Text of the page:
1. Sundowner
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    Sundowner Member

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    Should I really use the word "vampire"?

    Discussion in 'Setting Development' started by Sundowner, Jun 21, 2015.

    I've got two reasons for thinking that maybe I shouldn't. I mean, of course, people will mention the term here and there, because otherwise that would just be avoiding the obvious. But I think, as the "primary term", I might want to use something else.

    The first reason is, people like avoiding cliches and adding a sense of elegance to thinks by avoiding the use of the actual word of it. Some examples are Shiki where they call vampires "Shiki" (meaning "Corpse Demon"), which a vampire got from a book from an author they admired. Another example would be The Walking Dead with how it avoids the term "zombies" by calling them "walkers". I'm not a fan of the series, but I admired that touch.

    Another reason is, I think the term is too romantic. When my story starts, the only people who really know about vampires are people who dedicate themselves to killing them. I don't think they'd humble their enemies as much as to call them "vampires". Vampirism is a real illness that they want to keep contained so nobody finds out and wants to become immortal themselves. So I really doubt they'd want to use such an endearing term. I thought about calling them "infected" or something, but it's too generic. I don't even have a name for the virus. And of course something like "blood-suckers" just sounds weird. I do want it to be cute, like "Shiki". Just not explicitly "vampire". I was already sort of avoiding the term by having people just say "they're sick" or "I'm sick", which I think works really well, as it avoids the term but doesn't really go out of it's way to actually avoid the term. It's a very delicate balancing act, I think.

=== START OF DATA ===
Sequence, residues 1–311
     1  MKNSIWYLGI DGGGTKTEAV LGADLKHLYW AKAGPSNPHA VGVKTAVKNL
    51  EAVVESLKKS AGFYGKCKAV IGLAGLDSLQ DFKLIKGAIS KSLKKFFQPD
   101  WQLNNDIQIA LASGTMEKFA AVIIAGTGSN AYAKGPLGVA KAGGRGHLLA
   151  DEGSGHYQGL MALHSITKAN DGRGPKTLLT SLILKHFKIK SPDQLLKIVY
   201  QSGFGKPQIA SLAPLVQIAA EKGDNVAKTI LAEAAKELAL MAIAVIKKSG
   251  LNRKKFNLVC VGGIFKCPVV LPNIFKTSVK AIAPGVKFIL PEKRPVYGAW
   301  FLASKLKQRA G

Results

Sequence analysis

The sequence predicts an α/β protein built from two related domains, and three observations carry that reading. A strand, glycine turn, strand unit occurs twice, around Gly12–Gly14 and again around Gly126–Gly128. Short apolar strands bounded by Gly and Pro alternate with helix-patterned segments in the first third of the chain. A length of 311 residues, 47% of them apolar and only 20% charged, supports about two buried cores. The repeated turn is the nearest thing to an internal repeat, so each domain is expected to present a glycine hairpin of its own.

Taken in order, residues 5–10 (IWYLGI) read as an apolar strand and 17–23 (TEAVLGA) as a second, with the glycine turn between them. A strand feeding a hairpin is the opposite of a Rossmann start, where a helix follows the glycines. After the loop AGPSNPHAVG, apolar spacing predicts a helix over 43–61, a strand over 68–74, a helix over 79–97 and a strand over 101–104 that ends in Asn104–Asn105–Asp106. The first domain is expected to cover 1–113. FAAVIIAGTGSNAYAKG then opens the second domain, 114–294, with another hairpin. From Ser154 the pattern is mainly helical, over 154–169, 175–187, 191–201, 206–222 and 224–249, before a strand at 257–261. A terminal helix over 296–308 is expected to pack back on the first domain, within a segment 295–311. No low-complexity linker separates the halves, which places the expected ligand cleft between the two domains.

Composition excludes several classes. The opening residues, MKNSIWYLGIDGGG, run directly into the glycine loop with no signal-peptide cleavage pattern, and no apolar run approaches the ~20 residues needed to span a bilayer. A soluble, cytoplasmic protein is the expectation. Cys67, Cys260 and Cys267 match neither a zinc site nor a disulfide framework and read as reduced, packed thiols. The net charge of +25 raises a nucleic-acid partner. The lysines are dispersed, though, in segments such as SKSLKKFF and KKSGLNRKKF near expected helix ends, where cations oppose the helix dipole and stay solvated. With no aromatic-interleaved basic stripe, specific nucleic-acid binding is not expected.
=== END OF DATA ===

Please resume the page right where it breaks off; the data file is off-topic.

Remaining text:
So, given this information, my question is, what do you think a good name would be?
     
  2. RachHP
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    RachHP Contributing Member

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    Although the thread title presents it as a question, the impression I got from reading your post is that you don't want to call them vampires. You admire the renaming of Zombies to 'walkers' and you recognise 'vampire' wouldn't be in keeping with your characters, so I'd say it's not really a question - don't call them vampires...

    As for what to call them:
    I'd pick a work that describes an element of the disease/vampirism and use that. Personally, I'd probably go another step and see if that word was cooler in a different language (and lend that heritage to the fictional scientist who 'discovered' the illness)
    E.g. 'Hungry' in French is faim. Doctor Jean Luc first wrote a paper on Le Faim and the title was bastardised, so those with the disease became known as the famished.

    Other words/titles as starting points (random google translating going on)
    the sharp/la forte
    Pijn (pain in dutch)
    jager (hunter in dutch)
    venator (hunter in latin)
    kehle (throat in german)
    fyt (throat in albanian)

    :)
     
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  3. Mocheo Timo
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    Mocheo Timo Active Member

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    I agree with @RachHP , don't call them vampires. You seem eager enough to bring your own name for those creatures. I do suggest though, that you compare your creatures with something known to the reader, be it a vampire or a zombie or whatever. Specially if you give them a foreign name.
     
  4. DeadMoon
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    DeadMoon Contributing Member Contributor